Upon my conversations with colleagues though, I may not be entirely proud of my financial achievements, but I'm thoroughly proud of my financial independence. I was listening to a few colleagues admitting that they still receive allowances from their parents even though they've been working for years. They receive allowances for everything like gas, car maintenance, food and travel. I could just sit there and be stunned that they still receive dole outs from their parents. That would never happen with me. I would not allow it. A 30 something female executive was given a condo-unit and a car by her parents and even a married colleague of mine has her credit card bills paid by her parents. I could just be astonished by their parents' understanding and generosity when it comes to these things. Though I'm not saying that my parents are not equally generous, but I've never asked them for anything since 19 years old. In that regard, I'm proud of myself. The only thing that I don't pay for is the house, since I'm still living with them, but everything else, it's me.

Aside from my insurance, phone and credit card bills, I pay for my own gas. I pay for my groceries and toiletries. I support Harvey and my travel expenses. And even traveling with parents, I shell out for my own tickets and accommodations. They never have to worry about me financially because I never asked them for anything since 19 years old and I'm still living a pretty happy life. Though they keep on checking on me if I still do save since they know that I splurge on traveling and treating my siblings to dinners most of the time. I just try to smile and put their worries for another day.

Nearly penniless and I may not be financially healthy right now, I still have something to be proud of. I cannot feel insecure with colleagues who whine about money just because they can't shop for imported brands. I cannot and will not feel insecure and distraught when some people I know willingly request for grand, material things from their parents and parade it in front of my nose as if it were their own, when in fact they never paid a cent. They could be willing daughters and sons who receive blessings non-stop, but I'm not like that. I'd like to think that I still have pride to achieve certain things on my own. I don't want to be a burden to my parents and I don't want to depend on someone else to survive. What I do enjoy and what I do love should always come from me and from no one else.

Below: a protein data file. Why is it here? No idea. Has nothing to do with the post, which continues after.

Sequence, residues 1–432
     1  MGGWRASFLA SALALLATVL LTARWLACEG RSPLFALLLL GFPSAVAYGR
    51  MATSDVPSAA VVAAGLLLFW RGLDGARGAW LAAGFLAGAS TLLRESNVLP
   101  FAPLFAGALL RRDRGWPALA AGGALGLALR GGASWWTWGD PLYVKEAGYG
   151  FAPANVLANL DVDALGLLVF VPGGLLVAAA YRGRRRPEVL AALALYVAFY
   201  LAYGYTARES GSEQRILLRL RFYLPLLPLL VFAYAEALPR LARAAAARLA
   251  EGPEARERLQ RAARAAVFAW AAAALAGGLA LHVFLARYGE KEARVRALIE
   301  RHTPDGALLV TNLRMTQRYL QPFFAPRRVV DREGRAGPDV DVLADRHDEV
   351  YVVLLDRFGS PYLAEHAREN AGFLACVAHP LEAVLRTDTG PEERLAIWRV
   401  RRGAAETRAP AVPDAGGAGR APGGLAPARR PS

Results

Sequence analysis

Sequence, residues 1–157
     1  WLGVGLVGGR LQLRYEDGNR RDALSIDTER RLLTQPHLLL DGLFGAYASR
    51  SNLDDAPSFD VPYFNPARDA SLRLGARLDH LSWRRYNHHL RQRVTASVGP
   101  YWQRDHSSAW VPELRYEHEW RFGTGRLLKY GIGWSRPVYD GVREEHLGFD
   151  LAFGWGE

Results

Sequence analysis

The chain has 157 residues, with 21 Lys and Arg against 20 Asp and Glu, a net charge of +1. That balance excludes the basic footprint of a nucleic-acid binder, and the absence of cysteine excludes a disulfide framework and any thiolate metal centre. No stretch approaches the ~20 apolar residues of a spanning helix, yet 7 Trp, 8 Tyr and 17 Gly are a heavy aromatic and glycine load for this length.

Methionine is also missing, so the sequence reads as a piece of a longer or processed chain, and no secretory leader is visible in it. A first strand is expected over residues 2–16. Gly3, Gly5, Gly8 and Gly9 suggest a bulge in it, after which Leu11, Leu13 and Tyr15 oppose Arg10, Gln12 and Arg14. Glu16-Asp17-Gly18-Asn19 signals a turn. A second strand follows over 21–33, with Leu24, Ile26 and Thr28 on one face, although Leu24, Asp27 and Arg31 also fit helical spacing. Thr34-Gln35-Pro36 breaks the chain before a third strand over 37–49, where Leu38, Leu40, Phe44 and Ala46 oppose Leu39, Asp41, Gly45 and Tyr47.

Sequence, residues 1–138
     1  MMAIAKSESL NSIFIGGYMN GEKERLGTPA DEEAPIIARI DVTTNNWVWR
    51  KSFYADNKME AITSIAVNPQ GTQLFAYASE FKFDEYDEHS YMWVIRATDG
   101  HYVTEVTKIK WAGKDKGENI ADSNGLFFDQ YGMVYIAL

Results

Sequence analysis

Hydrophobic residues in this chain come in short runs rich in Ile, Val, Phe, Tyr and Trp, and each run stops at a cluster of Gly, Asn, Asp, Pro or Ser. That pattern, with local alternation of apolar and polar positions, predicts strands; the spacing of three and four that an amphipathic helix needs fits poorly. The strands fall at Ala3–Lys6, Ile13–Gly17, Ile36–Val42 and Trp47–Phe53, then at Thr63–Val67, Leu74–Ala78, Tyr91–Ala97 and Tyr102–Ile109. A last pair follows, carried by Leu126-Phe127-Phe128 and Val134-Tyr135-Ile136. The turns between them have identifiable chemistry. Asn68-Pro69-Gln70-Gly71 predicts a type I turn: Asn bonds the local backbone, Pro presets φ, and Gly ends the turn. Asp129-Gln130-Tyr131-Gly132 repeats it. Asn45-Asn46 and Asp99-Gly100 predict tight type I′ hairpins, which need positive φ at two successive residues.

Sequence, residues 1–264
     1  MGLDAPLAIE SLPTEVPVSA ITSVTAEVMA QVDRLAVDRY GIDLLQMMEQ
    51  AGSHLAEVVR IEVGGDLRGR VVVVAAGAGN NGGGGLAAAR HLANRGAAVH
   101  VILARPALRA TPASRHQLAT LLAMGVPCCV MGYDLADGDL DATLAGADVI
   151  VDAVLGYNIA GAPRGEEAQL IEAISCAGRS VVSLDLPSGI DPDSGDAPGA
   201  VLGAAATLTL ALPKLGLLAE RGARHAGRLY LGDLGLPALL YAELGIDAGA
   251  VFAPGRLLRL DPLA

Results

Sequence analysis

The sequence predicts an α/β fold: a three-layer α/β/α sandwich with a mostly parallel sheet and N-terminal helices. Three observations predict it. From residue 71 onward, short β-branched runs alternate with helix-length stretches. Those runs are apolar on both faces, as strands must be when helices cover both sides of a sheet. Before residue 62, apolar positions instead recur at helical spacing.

I may not be financially at the top of my game right now. I know I have made grand mistakes, which I don't regret. It taught me something important and made me realize that it's time to save and achieve something tangible for a change. Since I'm not the one to depend on my parents for financial support, I know that the challenge will be faced by me alone. Even with my present circumstances and listening to colleagues, I may be squirmish about money right now, but deep inside the silence also comes from another fountain of wisdom. I'm silent because as much as people whine about money and constantly parade their material acquisitions, I still pride myself for being financially independent since 19 years old. I do enjoy my money by doing the things that I want to do like travel, dining out and occasional splurges. I never have to ask support from anyone. I also may not have tangible things right now, but that will come in time. But rest assured that when I parade my new car, flash my new accessories and buy own my own space, that everything was brought from my own sweat and blood. That for me are things to look forward to and something to be proud of.